It begins with a simple request: a patient asks for help in taking time off from work, obtaining disability payments, or seeking other compensation for his or her diagnosis of posttraumatic stress disorder. The requests may come from patients you have been seeing for long periods or from new patients who are sometimes referred by their attorneys. However, your assumption of the role of both clinician and expert can produce a number of potential conflicts.
This column will demonstrate the differences between the 2 types of interactions and discuss the conflicts that may result when one takes on both roles. Some conflicts are intuitive, while others are less so. Serving as a patient's treating psychiatrist and forensic consultant may harm the patient, the doctor, and their relationship.
Two different worlds
The treating psychiatrist's goal is to relieve symptoms in patients by using pharmacotherapy and psychotherapy. "Forensic evaluators" or "expert witnesses" do not have a therapeutic relationship with the persons they interview, who indeed are not their patients but are "examinees" or "evaluees." Often, courts or attorneys hire expert witnesses with the goal of producing an objective report based on information gained through interviews and collateral sources. It may seem that the patient's therapist would be the best advocate, similar to a physician's advocacy for his patients when dealing with insurance companies. However, the job of the forensic psychiatrist is not to strive for advocacy but rather for objectivity.
In contrast to expert witnesses, "fact witnesses" testify only on that which they have observed directly; they are not required to produce opinions based on those facts. Most witnesses in court are fact witnesses (eg, eyewitnesses), and treating psychiatrists can fall in this category. However, psychiatrists as fact witnesses, once on the stand, may be asked to draw conclusions, since they possess the clinical knowledge to do so.1
While the medical field strives to treat conditions with interventions that are predicated on the patient's trust in the clinician, the legal field directs its efforts toward dispute resolution, with the overarching goal of serving society and justice. Based on their disparate goals, these 2 systems require different obligations, which may pull those who do both in 2 different directions.
Arguments to do both
Strasburger and colleagues1 have outlined the reasons psychiatrists may feel obligated to take on both roles. First, lawyers may request that a treating psychiatrist also serve as an expert because attorneys may not understand the nuances of each role or may simply be trying to save money. Or, the patient may not cooperate with a separate forensic evaluation.
Second, while clinical reimbursement is limited, forensic evaluations may generate extra income for the evaluator. Third, clinicians are occasionally required by law to violate confidentiality when a patient reveals specific information, such as threats to harm others or evidence of child abuse, during the course of therapy. Therefore, it may not seem problematic for the clinician to share other confidential information while testifying.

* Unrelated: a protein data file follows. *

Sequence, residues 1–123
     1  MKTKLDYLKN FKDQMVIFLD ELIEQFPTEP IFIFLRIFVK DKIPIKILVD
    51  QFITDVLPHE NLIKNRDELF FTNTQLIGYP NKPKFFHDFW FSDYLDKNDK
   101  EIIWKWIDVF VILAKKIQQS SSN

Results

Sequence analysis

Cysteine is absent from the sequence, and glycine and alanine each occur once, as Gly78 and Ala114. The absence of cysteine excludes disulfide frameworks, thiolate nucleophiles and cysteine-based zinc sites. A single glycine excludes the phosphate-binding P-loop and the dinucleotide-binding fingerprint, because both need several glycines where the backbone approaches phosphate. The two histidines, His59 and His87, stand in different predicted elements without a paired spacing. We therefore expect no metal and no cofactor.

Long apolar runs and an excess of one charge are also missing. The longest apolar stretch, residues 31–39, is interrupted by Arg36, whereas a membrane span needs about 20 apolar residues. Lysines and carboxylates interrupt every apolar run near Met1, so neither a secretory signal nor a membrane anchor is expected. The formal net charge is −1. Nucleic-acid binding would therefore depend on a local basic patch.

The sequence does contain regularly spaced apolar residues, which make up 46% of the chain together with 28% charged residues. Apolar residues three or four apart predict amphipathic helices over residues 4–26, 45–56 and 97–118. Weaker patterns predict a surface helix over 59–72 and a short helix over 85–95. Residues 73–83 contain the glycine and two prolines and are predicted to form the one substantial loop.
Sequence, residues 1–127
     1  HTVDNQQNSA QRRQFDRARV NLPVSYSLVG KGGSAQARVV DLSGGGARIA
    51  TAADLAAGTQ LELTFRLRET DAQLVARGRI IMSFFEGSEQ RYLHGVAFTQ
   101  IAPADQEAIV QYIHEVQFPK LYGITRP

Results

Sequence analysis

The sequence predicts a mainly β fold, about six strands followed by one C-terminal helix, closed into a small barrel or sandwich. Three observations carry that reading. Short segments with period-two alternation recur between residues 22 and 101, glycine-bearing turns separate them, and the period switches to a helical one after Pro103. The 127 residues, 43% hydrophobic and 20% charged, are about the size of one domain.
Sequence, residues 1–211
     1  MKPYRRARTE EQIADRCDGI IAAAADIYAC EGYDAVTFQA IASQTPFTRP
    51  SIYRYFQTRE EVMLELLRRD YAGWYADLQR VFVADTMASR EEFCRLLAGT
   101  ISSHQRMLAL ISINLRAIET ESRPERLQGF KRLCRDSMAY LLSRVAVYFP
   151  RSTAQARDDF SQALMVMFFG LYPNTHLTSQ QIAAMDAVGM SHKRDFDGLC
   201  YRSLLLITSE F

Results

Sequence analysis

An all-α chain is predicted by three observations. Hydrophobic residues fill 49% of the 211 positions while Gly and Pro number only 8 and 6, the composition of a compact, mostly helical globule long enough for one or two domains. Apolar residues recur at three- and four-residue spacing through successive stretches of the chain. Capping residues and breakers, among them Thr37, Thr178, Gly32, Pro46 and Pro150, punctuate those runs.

Finally, in today's practice, the treating psychiatrist is often compelled to function as a social worker, a referee between the patient and managed care, or a police officer who serves to protect society from the patient. Treating psychiatrists are also routinely called on to testify in civil commitment or forced medication hearings involving patients on their own wards. Therefore, a further excursion into the legal system does not seem terribly different from all these roles.1 Other professions involved in patient care and the legal arena, including neuropsychologists, grapple with this conflict as well.2
The American Academy of Psychiatry and the Law makes the following recommendation in its ethics guidelines: "Treating psychiatrists should . . . generally avoid acting as an expert witness for their patients."3
The therapeutic alliance. A focus on legal issues during appointments, when therapy is anticipated, may disrupt therapeutic intent. For transference to occur properly, a patient must feel some security and anonymity in the confines of therapy. Conversely, at the outset of the forensic interview, the evaluator must define the nonconfidential nature of the relationship, potentially causing the evaluee to tailor reported information, consciously or not, in order to help his legal case. Transference is further enhanced by the patient's lack of knowledge of the psychiatrist's personal life and idiosyncrasies, which may be revealed if the psychiatrist testifies.
1. Strasburger LH, Gutheil TG, Brodsky A. On wearing two hats: role conflict in serving as both psychotherapist and expert witness. Am J Psychiatry. 1997;154:448-456.
2. Bush SS; NAN Policy and Planning Committee. Independent and court-ordered forensic neuropsychological examinations: official statement of the National Academy of Neuropsychology. Arch Clin Neuropsychol. 2005; 20:997-1007.
3. American Academy of Psychiatry and the Law. Ethics Guidelines for the Practice of Forensics Psychiatry. Bloomfield, Conn: AAPL; 2005. Available at: www.aapl.org/pdf/ETHICSGDLNS.pdf. Accessed April 3, 2007.
4. Binder RL. Liability for the psychiatrist expert witness. Am J Psychiatry. 2002;159:1819-1825.
5. Rappeport JR. Reasonable medical certainty. Bull Am Acad Psychiatry Law. 1985;13:5-15.